|FAO Marine Fishing Areas:||
Atlantic – southwest
|Range Map:||Click here to open the map viewer and explore range.|
|Population:||Apparently uncommon in Argentina, the southern extent of its range (A. Massa pers. comm.).|
|Habitat and Ecology:||Little information available as previously reported data are for Narcine bancroftii (where reported from the Western Central Atlantic and from northern Brazil). A shallow water coastal species, benthic on soft substrates usually at depths less than 40 m. Reproduction is aplacental viviparous but nothing else is known of the biology.|
Electric rays are sluggish swimmers, with small home ranges, highly localized within an area and concentrating in surf zones adjacent to barrier beaches and on offshore sand bars in warm months and moving offshore in winter (Rudloe 1989), making them susceptible to localized population depletion. Narcine brasiliensis is captured as bycatch in coastal trawl and beach seine fisheries. No quantitative data are available on the capture of this species in Brazil and it does not appear to be utilised for food and is discarded, but survivorship rates are unknown. Captures of Narcine spp. in artisanal beach seines appear to have declined during the past decade in Paraíba, northeastern Brazil (R. Rosa pers. obs.), however it is uncertain whether these are N. brasiliensis or N. bancroftii.
Skate and ray landings in the artisanal fishery of Rio Grande do Sul, southern Brazil have declined since the early 1950s (Vooren et al. 2005). This species is still recorded in Rio Grande do Sul, southern Brazil and a scientific trawl survey at 7 to 20 m depth between Torres and Chuí in February 2005 recorded N. brasiliensis at a CPUE of 6.48 number/hour (juveniles and adults) (Vooren et al. 2005), although the proportion of juveniles and adults is unknown. Further information is required on temporal variations in abundance (Vooren et al. 2005).
Coastal fishing pressure is also known to be intense in Argentina. Batoids are an important resource in most demersal trawl fisheries in Argentina (Tamini et al. 2006). A coastal multispecies demersal trawl fishery operates at Quequén, in which bycatch of batoids fluctuates seasonally between 44.5% and 67.5% of total capture (Tamini et al. 2006). This species was not reported in a recent study of the bycatch of this fishery (Tamini et al. 2006), and a lack of historical information prevents a comparison of temporal trends. No information is available on the population of this species in Argentina, where it is uncommon (A. Massa pers. comm). Declines of 98% (95% Confidence Intervals 0.5 to 5%) since 1972 have been observed for Narcine bancroftii in the northern Gulf of Mexico (Shepherd and Myers 2005), as well as similar rates of decline in US coastal waters, between Florida and North Carolina. Narcine brasiliensis has a more limited distribution than N. bancroftii, however there is no data to make an accurate assessment of its status at this time.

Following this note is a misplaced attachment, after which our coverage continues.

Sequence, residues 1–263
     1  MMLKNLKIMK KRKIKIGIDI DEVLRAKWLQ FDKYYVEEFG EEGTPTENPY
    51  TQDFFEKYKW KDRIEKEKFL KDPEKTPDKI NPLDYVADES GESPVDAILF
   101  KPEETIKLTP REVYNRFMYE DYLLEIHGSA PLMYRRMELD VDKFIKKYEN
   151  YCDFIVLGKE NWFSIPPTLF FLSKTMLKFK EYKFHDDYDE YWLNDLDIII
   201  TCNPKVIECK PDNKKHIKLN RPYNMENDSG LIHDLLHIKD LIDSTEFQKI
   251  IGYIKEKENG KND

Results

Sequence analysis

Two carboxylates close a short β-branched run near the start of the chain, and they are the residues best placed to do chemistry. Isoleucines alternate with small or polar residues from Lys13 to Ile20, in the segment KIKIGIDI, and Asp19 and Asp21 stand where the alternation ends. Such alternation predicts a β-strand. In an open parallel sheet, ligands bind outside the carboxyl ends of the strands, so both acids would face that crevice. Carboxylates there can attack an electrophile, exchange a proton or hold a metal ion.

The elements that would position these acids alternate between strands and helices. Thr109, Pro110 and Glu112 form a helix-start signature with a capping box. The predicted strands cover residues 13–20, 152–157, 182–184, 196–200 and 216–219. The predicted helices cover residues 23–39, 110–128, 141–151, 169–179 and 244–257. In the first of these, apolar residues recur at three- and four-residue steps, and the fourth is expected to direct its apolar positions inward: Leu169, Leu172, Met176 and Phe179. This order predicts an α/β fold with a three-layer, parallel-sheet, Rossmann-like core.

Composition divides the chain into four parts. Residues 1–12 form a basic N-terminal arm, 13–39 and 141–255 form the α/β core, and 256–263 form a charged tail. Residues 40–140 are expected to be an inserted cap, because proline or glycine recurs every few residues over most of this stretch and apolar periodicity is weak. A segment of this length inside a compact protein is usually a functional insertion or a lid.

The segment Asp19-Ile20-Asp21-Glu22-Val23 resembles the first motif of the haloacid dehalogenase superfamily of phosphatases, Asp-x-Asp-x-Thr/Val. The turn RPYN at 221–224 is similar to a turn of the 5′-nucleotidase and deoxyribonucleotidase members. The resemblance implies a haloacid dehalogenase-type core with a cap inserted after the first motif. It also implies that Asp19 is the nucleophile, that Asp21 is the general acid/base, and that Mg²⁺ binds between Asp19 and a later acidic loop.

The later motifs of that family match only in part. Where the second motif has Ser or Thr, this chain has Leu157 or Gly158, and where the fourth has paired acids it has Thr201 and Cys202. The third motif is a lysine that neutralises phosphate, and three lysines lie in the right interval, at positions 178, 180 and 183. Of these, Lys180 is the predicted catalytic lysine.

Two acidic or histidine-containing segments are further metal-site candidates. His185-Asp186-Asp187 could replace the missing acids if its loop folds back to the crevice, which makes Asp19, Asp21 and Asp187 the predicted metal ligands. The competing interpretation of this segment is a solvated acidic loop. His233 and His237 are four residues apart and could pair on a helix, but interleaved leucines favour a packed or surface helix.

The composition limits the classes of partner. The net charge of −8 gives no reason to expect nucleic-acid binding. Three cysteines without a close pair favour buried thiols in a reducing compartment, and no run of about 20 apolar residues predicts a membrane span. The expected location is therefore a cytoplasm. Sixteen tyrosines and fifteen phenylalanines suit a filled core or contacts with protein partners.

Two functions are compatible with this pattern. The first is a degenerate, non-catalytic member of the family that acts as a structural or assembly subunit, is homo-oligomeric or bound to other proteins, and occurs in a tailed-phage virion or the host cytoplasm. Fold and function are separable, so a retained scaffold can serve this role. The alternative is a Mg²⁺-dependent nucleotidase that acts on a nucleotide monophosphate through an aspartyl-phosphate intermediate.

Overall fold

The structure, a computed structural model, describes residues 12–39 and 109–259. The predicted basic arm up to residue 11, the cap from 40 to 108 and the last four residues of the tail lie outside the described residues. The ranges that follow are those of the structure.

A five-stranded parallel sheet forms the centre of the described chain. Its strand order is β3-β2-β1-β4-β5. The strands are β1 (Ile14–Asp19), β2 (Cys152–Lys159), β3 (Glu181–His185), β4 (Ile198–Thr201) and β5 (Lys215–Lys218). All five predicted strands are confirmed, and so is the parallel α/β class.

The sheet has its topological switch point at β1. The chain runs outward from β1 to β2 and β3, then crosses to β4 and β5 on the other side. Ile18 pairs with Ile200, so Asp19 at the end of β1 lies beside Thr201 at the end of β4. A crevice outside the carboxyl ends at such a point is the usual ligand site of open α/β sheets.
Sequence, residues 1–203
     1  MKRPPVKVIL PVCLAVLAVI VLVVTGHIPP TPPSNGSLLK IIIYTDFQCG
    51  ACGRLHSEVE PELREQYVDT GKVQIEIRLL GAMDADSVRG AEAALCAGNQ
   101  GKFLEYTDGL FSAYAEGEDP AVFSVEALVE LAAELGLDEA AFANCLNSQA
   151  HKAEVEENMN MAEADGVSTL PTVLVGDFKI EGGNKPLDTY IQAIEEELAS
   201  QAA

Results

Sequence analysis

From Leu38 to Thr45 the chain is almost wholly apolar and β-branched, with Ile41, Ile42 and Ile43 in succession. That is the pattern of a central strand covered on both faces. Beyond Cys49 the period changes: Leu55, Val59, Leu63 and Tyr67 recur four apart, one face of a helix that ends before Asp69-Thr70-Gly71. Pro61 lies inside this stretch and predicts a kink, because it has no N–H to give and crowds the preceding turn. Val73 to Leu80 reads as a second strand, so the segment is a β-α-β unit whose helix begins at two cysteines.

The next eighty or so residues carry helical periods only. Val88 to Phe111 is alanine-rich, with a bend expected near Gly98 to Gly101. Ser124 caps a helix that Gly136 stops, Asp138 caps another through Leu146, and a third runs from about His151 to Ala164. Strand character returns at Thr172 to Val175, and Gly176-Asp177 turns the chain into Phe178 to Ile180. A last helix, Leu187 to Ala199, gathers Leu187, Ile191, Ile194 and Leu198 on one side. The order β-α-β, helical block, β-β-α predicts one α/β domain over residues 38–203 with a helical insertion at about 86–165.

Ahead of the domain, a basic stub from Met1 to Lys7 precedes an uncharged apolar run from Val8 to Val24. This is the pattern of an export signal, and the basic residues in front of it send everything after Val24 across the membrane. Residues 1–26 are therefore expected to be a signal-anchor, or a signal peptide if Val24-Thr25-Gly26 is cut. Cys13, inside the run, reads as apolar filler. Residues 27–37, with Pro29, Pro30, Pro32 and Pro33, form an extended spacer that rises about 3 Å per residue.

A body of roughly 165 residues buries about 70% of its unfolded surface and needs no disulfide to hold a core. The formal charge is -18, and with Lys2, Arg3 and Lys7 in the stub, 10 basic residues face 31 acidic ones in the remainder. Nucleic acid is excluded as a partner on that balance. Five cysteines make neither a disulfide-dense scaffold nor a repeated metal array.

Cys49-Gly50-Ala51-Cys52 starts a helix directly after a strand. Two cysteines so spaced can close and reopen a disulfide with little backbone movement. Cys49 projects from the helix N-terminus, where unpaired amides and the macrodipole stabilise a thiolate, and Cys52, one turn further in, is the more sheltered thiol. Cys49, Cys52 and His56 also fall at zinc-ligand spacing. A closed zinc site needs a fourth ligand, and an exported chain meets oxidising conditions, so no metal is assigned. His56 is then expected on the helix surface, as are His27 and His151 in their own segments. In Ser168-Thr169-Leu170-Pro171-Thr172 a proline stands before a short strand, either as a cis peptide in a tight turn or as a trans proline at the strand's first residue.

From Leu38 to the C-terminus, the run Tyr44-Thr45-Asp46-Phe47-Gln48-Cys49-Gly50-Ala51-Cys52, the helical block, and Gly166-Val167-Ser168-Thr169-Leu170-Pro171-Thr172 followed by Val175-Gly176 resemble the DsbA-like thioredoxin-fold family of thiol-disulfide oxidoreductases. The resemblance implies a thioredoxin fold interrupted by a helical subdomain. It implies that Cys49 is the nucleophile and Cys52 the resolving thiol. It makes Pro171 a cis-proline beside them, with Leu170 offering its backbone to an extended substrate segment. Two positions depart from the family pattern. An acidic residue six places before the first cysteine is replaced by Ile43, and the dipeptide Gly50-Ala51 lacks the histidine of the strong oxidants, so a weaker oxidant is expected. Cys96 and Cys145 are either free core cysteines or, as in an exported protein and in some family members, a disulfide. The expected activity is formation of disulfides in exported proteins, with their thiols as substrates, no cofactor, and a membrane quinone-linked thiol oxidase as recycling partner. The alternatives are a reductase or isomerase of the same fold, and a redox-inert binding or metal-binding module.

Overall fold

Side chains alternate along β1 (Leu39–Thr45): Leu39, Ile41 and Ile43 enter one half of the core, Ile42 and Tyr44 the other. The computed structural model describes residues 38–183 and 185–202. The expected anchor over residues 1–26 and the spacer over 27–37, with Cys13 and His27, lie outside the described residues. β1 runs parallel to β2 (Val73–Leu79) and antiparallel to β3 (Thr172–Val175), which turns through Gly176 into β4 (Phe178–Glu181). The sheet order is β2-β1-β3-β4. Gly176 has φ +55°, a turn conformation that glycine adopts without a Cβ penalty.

Pollution and human disturbance in the coastal zone may also be detrimental to N. brasiliensis' habitat, although no specific information is available.
|Conservation Actions:||Research to resolve taxonomic issues and determine distribution, population size and life history is required. Monitoring of artisanal fisheries in which the species is taken as bycatch is also required.|
|Citation:||Rosa, R.S. & Furtado, M. 2007. Narcine brasiliensis. The IUCN Red List of Threatened Species. Version 2014.3. <www.iucnredlist.org>. Downloaded on 26 January 2015.|